The supine position (pron.: //) is a position of the body: lying down with the face up, as opposed to the prone position, which is face down, sometimes with the hands behind the head or neck. When used in surgical procedures, it allows access to the peritoneal, thoracic and pericardial regions; as well as the head, neck and extremities.
Using terms defined in the anatomical position, the dorsal side is down, and the ventral side is up.
In scientific literature "semi-supine" commonly refers to positions where the upper body is tilted (at 45° or variations) and not horizontal. In the Alexander technique semi-supine position, the knees are raised bent upward while the soles of the feet and the upper body remain in contact with the horizontal surface.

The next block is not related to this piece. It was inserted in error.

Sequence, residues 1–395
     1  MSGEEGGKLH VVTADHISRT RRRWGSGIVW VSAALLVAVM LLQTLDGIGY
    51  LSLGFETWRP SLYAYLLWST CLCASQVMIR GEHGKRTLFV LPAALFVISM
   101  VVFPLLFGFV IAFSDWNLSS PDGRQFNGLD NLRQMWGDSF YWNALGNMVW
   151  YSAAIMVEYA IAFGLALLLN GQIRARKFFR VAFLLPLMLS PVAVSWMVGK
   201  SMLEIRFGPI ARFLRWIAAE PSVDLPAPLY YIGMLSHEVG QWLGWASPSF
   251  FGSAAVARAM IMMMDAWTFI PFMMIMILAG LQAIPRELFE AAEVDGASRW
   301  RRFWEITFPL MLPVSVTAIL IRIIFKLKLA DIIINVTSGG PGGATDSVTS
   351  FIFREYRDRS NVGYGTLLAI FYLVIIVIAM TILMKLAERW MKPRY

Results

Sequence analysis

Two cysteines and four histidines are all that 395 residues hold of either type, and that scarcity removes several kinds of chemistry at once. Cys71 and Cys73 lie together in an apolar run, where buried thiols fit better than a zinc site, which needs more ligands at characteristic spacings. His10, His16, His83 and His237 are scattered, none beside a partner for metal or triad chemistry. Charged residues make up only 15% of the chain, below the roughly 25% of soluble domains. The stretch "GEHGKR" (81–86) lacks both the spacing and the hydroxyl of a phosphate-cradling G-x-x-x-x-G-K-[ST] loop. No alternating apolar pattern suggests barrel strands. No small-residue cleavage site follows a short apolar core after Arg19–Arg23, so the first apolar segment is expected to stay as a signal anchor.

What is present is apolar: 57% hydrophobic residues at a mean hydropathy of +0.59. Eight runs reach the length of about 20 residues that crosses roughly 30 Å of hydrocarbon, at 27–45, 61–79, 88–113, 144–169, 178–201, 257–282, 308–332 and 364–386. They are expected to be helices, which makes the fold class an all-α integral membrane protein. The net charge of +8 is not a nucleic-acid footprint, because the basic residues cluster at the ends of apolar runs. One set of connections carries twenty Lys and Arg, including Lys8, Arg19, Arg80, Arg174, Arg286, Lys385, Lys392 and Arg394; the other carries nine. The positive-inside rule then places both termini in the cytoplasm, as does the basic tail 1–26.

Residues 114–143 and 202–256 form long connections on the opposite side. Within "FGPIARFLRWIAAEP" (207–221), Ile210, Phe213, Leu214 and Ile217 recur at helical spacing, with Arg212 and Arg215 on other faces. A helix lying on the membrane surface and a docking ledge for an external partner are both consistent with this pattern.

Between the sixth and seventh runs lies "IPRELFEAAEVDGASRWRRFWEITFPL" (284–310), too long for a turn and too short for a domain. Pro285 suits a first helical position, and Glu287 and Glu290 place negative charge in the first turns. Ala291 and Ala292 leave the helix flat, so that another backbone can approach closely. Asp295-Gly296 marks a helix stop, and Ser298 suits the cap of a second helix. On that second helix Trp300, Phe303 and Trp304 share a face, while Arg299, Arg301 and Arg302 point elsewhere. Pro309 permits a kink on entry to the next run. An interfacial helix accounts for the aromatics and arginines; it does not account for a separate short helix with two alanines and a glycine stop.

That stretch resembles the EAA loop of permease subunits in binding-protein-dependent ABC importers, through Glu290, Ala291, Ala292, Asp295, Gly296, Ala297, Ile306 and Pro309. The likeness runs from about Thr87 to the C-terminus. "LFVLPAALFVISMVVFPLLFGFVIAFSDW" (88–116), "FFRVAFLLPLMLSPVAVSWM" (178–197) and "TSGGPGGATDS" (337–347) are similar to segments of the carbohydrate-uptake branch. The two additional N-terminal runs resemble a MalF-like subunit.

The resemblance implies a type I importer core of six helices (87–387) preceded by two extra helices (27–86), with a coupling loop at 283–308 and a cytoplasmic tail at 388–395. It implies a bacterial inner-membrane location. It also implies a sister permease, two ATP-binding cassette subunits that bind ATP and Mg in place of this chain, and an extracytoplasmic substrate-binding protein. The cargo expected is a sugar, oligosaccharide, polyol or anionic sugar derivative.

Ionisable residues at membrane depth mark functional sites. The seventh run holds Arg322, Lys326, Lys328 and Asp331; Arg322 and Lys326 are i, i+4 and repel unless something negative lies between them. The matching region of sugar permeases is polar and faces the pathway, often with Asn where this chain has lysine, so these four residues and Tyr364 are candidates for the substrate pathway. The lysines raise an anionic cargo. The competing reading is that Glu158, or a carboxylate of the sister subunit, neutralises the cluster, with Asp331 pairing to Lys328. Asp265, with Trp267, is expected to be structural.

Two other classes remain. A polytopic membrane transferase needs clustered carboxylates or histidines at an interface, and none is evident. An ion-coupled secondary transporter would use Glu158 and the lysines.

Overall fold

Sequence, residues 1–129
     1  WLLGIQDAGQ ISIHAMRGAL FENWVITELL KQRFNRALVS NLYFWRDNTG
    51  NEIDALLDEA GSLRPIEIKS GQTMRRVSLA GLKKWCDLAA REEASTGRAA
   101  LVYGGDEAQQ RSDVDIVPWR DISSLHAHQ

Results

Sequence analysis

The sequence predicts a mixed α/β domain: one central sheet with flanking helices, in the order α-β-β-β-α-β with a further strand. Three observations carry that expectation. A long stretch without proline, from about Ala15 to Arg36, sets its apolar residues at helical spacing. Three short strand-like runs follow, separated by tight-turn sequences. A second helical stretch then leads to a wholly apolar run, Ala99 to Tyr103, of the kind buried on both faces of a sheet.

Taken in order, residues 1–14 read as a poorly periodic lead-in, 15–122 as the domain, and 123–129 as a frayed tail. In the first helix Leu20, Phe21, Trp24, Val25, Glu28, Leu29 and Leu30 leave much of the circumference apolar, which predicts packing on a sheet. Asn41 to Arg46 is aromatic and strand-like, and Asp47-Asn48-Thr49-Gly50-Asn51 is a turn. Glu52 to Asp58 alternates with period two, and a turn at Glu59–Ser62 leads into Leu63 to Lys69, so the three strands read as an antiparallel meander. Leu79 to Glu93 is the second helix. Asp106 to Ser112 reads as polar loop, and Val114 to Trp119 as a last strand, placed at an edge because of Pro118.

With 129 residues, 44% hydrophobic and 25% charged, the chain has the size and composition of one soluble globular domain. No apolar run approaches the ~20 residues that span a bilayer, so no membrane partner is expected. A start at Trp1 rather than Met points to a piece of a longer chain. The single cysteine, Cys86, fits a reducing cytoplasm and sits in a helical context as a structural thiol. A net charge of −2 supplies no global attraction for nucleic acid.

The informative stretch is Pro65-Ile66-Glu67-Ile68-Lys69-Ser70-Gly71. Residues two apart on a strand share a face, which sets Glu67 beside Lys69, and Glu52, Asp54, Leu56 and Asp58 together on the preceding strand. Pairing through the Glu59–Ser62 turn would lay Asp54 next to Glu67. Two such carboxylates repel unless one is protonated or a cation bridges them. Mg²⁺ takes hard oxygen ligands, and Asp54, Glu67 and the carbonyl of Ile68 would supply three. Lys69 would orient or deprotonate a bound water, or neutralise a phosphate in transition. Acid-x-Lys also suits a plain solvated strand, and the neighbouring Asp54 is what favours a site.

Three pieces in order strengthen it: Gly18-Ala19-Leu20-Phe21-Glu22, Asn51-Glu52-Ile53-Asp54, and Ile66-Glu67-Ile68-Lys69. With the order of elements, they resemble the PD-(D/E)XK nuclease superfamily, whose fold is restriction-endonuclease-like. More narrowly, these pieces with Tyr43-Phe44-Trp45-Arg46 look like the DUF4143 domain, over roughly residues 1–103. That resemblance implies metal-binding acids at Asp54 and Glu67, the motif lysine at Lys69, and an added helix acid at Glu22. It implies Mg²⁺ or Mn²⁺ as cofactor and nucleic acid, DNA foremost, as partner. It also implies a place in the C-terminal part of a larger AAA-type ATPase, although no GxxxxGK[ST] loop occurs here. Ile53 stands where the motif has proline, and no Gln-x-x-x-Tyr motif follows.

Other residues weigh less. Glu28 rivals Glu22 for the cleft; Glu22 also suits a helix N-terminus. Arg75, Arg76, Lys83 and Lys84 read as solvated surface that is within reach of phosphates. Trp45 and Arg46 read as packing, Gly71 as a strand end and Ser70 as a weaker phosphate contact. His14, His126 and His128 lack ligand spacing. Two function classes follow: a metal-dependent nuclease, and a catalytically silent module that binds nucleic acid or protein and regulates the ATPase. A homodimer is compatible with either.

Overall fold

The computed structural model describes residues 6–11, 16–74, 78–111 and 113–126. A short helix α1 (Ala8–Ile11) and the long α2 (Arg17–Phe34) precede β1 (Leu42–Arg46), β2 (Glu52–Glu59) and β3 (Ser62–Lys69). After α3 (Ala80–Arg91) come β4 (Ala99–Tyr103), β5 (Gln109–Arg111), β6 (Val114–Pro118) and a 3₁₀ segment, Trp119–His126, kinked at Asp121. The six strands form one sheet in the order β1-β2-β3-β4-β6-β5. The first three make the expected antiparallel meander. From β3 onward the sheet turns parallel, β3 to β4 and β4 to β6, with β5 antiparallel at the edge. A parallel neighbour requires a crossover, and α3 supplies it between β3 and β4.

See also 
- Rothrock, J. C. (2007) Alexander's Care of the Patient in Surgery 13th Ed. Mobsy Elsevier: St Louis, Missouri. p. 148.
- Petropoulou, E; Lancellotti, P; Piérard, LA. (2006) "Quantitative analysis of semi-supine exercise echocardiography--influence of age on myocardial Doppler imaging indices." Acta Cardiol. 2006 Jun;61(3):271-7